In its edition of 23 April 1909 the Western Gazette reported the following "In the early hours of Friday morning a fire, which ultimately proved to be the most disastrous that has occurred in Yeovil for many years, broke out at the bottom of Mill Lane, the damage resulting amounting to several thousands of pounds. The scene of the outbreak was the range of buildings adjoining the old town mill, and in addition to these premises, occupied by Messrs Chapman & Co., builders, Mr E Pittard, leather dresser, and a cottage occupied by Frederick Masters, there is a range of large and modern buildings, used by Messrs Ewens & Johnson, glove manufacturers, for leather dressing, and which contained a great quantity of leather in various processes of preparation for glove making in addition to a large quantity already prepared.
Just exactly where the fire broke out does not appear to be accurately known. However, it is certain that shortly after 3 o'clock in the morning the wife of the cottager Masters, was awakened by a fire, the whereabouts of which did not then seen clear. Masters at once got out and, scantily clad, knocked up Mr Chapman, who was quickly on the scene. By this time the whole range of buildings was well alight, and added to the inflammable nature of Messrs Chapman's stock was the fact that Messrs Ewens & Johnson's building had the usual Louvre ventilators which burnt and produced a draft which quickly converted the large place into a veritable furnace.
Owing to the greatest damage to the Mill, another of Yeovil's few remaining ancient buildings has been threatened, for it is claimed that this venerable building is the successor to, and standing on the same spot, as the Saxon mill catalogued in Domesday book as of '10 shillings rent'. The remaining walls of the present mill are very old indeed, and according to tradition form part of the same building which, although in the midst of the great fire which devastated Yeovil in the time of the Wars of the Roses, about 1460, and when it is said over 100 houses were destroyed, then escaped unscathed.
It has not been used as a corn mill for many years and latterly has been utilised for the business purposes of Mr Pittard and Messrs Chapman, the waterwheel which formally turned the millstones having been used to supply power for the various machines."
The total cost of the damage was estimated at £10,000 (nearly £8 million at 2017's value) with £7,000 of that being Ewens & Johnson's loss. In addition some thirty men were made unemployed by the fire.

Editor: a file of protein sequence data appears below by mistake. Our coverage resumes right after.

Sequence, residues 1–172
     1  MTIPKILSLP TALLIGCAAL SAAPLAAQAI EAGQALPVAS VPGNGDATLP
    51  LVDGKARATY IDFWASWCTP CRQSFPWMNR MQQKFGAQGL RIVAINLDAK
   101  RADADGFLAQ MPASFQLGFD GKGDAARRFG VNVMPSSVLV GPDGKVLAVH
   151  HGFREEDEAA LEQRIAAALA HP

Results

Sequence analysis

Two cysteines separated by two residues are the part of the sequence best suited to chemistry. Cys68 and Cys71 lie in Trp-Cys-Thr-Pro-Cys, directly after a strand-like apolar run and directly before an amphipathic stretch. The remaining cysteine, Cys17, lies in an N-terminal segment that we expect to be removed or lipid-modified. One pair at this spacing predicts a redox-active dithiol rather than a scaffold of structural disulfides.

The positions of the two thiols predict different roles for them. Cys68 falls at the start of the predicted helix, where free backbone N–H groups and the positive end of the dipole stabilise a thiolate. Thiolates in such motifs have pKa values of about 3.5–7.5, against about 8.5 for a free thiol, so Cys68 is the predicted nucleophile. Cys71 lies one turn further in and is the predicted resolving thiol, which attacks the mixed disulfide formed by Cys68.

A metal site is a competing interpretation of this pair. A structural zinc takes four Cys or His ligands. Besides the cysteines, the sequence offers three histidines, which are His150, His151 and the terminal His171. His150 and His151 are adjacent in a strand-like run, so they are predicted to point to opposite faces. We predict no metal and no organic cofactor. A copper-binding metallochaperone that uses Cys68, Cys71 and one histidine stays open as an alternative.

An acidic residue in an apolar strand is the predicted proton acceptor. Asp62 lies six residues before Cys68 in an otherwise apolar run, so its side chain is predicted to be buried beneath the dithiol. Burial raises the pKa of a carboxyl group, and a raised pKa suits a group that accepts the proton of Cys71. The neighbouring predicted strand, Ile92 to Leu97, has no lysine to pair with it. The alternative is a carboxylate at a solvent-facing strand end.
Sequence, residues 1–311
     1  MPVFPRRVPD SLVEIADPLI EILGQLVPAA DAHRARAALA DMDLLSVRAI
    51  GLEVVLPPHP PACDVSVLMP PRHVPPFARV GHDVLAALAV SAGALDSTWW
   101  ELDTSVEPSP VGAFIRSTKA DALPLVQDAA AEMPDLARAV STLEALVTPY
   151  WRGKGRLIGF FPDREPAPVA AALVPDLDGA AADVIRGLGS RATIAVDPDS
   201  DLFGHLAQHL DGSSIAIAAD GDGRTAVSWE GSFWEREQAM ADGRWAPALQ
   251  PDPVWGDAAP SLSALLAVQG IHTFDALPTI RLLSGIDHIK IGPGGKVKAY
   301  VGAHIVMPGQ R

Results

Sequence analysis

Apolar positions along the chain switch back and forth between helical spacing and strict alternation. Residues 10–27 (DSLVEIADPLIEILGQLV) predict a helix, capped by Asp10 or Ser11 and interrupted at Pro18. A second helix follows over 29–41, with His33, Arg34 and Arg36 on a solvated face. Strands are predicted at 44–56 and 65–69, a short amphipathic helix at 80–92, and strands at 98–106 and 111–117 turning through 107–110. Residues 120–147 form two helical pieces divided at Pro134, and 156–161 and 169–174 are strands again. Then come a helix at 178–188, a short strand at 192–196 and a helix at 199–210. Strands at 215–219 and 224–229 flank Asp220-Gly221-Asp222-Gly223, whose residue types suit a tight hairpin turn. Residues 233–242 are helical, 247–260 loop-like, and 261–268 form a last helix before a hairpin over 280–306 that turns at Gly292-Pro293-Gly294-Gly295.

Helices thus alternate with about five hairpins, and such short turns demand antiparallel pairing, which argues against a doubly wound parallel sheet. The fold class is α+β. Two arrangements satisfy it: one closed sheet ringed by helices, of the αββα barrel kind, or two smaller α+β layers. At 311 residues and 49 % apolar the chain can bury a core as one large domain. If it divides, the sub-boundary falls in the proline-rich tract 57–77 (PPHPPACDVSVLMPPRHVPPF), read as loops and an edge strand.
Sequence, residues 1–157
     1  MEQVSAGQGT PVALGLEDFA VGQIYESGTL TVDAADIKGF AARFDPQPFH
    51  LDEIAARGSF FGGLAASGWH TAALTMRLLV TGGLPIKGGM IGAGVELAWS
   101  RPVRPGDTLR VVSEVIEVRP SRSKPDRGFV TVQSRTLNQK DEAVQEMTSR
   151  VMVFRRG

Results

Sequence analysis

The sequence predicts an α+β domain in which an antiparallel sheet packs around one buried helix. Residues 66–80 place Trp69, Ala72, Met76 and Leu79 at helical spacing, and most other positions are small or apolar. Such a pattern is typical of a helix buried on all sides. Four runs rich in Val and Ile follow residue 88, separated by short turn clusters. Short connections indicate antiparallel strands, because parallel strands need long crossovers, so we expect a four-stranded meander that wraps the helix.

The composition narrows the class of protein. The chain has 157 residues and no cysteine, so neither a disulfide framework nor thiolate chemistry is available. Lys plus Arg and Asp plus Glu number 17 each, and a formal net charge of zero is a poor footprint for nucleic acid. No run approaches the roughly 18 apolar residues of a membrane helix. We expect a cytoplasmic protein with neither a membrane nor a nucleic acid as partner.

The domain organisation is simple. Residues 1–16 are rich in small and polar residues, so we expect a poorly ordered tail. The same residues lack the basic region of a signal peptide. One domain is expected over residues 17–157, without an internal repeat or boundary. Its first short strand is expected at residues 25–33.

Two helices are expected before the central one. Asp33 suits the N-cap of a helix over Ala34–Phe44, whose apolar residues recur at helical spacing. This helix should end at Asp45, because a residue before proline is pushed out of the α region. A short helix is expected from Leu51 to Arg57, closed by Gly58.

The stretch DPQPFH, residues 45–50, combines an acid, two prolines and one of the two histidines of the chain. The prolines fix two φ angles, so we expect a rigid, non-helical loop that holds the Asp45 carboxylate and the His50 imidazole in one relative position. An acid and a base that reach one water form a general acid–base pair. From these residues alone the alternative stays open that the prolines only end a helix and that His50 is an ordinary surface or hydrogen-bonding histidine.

Although it was no longer used, the Millstream was flowing until 1977. It rose above the weir on Dodham Brook some 80m southwest of where Addlewell Lane originally crossed the railway, it then flowed north through the workshops of Wincanton Garages, under Addlewell Lane then flowing northeast and continuing through what is now Central Acre. Finally the water reached the sluice gate and at this point, some 10m before reaching the actual waterwheel site, it turned sharply to the southwest and down the short flight of steps into the sluice channel then onward to rejoin Dodham Brook.
E Watts' map of 1806 shows Frogg Mill, centre bottom, at the end of Mill Lane. At this time the mill belonged to Henry Collins.
Courtesy of Jack Sweet
Crowds gather to watch the fire at Chapman's. Photographed 23 April 1909.
Even before the smoke has cleared, crowds gather to witness the damage caused by the fire. Photographed 23 April 1909.
Frogg Mill after the fire of 1909 destroyed the mill buildings.
.... and seen from a slightly different position.
Other buildings destroyed included the Ewens & Johnson leather glove manufactory.
Courtesy of Jack Sweet
The ruins of the Ewens & Johnson leather glove manufactory. Photographed 23 April 1909.
This photograph was taken in the mid-1960s from Woodside Terrace at the end of Mill Lane. The small building at centre was all that remained of the former Frogg Mill.
This photograph (looking west) shows water dropping from the original mill leat running between two buildings owned by Ewens & Johnson. The leat provided water for many of the glove factories along its length during the nineteenth century.
The leat turned through 90° and this photograph, looking south, shows the outfall running towards Dodham Brook.